(Scenario is based on Ontario court procedures)
(The following content is for informational purposes only and is not intended to create a lawyer/client relationship between the author and the reader)

Litigation (using the court process) is costly.  Depending on the circumstances, litigation in the family court could cost anywhere from $6,000 (if you’re lucky) to $500,000 or more.  Frightening,– but it’s happened!

While you are “fighting each other in court” you are being held hostage by a court system that is slow and ill equipped to find you practical solutions.

To commence a court action, your lawyer needs to meet with you and to “tell your story” essentially about your relationship and to “ask for what you want” in an Application.  If your spouse has already started the Application, “your side of the story” will go into an Answer.  In addition, if you are asking for support or a division of property, your lawyer will need to help you complete a financial statement.

Typically, the court process requires a First Appearance, one or more Case Conferences, a Settlement Conference, a Trial Management Conference, Trial Scheduling, then Trial.  For each of the conferences, your lawyer is required to prepare a brief for you in order to provide the judge with a brief summary of what the issues are and what your position on these issues are.  You are also required to attend court on those dates meaning possible lost wages.

A Judge typically does not make  orders at the Conferences unless there is a situation that needs immediate rectification such as child support or spousal support payments to commence.  As well, those are only interim not final orders.  To get any other relief, (e.g. an order for exclusive possession or the partition and sale of the matrimonial home) a motion must be brought and argued.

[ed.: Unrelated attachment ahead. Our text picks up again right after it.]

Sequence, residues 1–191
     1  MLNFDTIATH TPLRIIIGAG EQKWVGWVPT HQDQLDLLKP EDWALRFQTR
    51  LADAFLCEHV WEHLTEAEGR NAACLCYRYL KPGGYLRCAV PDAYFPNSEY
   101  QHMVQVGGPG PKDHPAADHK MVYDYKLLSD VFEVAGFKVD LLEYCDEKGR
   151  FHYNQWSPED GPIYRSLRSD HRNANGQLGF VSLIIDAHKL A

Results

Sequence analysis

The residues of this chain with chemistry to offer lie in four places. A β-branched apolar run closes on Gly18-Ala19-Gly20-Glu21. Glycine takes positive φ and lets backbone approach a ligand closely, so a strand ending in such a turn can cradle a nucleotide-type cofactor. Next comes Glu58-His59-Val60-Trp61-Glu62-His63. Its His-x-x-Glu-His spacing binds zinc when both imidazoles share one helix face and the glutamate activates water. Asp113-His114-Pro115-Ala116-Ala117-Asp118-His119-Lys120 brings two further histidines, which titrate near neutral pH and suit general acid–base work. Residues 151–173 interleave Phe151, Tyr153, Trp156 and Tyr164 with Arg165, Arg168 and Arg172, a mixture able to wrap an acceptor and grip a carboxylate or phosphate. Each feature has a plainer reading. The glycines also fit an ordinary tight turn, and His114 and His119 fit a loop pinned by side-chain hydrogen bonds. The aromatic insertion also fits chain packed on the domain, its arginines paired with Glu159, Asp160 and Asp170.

Attendance at court could be an all day situation since there are often a number of other cases on the docket (list of cases) and there are no guarantees that you will get reached that day.  You are being billed for the time your lawyer is in attendance at court (as well as travel to and from court) whether or not your matter is actively before the Judge.  At $250 to $600 an hour, you can do the math.

Possible other costs which could be incurred are an appraisal of the matrimonial home, pensions valuation, business valuation, child assessments, forensic accounting, etc.

Most litigants end up representing themselves at trial (when they need the lawyer the most) or find themselves being “forced” to settle because they can no longer afford to pay their lawyer.  In many cases, the result they end up with could be pretty much what they ought to have settled on to begin with except they are now several thousands of dollars poorer because of the legal fees.  Even worse, they could end up with a decision not to their liking and having to pay costs to the other side.  Judges are often heard to say that if both parties were unhappy with the Judge’s decision, then her job was done.

Knowing the potential cost and uncertainty of litigation, why not seek a better alternative.  That will be the subject for another article